STEAM camp attracts children from the region | Local News

To some youths, going to summer camp involves riding horses and sleeping out in a tent under the stars.

But more than 60 youngsters from throughout Western Pennsylvania got a taste of a different kind this week when the New Castle Area School District hosted its Tinker Tank STEAM Summer Camp at the junior senior high school.

The first of the two-day event educated teachers from various districts about how to apply STEAM to different learning activities in various labs. During the second day, the teachers used what they learned to teach the children in grades 3 through 9 with hands-on instruction.

The educational camp was sponsored by the Grable Foundation of Pittsburgh, funded by a $51,000 grant.

Signup for the event was free, and the 67 students who attended were from as far away as Pittsburgh and from all over western Pennsylvania, including Butler, Allegheny and Mercer counties. About a third of the students were from New Castle, and there were participants from other school districts within Lawrence County.

A visit to some of the classrooms showed that children excitedly were learning how to apply simple principals and logic to every day life, science and technology, including working with robotics and electronics.

The different workshops included laser engraving, Circuitry Kids, 3D printing and designing software, graphic design and T-shirt printing, programmable robots, other robotics, Novel Engineering and Maker learning, simple robotics, Cricut vinyl cutting and T-shirt making and Tinkering Around with Treats.

In the latter station, Keir Walker Jr., a fifth grader at New Castle, and Carter Zackerl, a fifth grader from the Greenville Area School District, explained what they learned about the melting point of different types of chocolate, how to temper it and why melts in one’s mouth at body temperature. The scientific candy experiment allowed the students to dip rice cereal treats, pretzels and Oreos into chocolate to coat them, then place them in the freezer to harden. They also learned to make candy but putting the melted chocolate into car-shaped molds.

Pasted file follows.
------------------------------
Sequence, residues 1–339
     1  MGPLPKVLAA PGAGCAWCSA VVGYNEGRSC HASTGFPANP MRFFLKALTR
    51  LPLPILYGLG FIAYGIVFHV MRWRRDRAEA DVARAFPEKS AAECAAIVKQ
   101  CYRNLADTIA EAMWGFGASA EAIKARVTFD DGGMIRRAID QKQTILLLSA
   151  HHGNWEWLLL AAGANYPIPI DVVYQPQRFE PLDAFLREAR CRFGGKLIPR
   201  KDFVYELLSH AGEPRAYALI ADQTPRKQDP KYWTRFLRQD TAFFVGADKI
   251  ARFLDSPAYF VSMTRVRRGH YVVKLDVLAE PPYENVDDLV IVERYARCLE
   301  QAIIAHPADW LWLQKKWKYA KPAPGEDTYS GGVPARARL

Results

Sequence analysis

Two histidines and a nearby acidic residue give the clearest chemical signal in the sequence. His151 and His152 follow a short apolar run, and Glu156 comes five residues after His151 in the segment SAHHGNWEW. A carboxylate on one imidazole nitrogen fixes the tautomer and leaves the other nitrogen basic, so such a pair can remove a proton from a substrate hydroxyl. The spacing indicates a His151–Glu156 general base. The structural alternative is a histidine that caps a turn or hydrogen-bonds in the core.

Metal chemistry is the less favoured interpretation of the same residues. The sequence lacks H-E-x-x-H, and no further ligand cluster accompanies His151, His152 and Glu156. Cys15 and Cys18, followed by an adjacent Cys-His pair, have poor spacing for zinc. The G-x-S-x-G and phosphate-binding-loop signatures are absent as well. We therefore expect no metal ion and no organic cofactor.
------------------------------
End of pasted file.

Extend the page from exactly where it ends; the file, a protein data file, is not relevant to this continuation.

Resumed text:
Shelly Bucci, a science teacher at the Novel Engineering station, explained that her students were learning about six different types of bridges. As an experiment, they built their own small bridges out of straw, yarn, paper clips and tape, with the goal of creating a bridge strong enough to hold 100 pennies, Bucci said.

Teacher Diane McGaffic, who led the “Circuitry Kids” lab, educated the students about electricity and circuitry, allowing them to build a board with string and a small colored bulb that lit up.

Teacher Jenna Mozzoccio oversaw a simple robotics lab, where students rolled light-up Ozobots through a maze using Bluetooth connections.

Gregg Behr, executive director of the Grable Foundation of Pittsburgh, said the New Castle district was chosen for the STEAM (science, technology, engineering, arts and math) workshop grant based on prior relations he’s had with leaders of the district.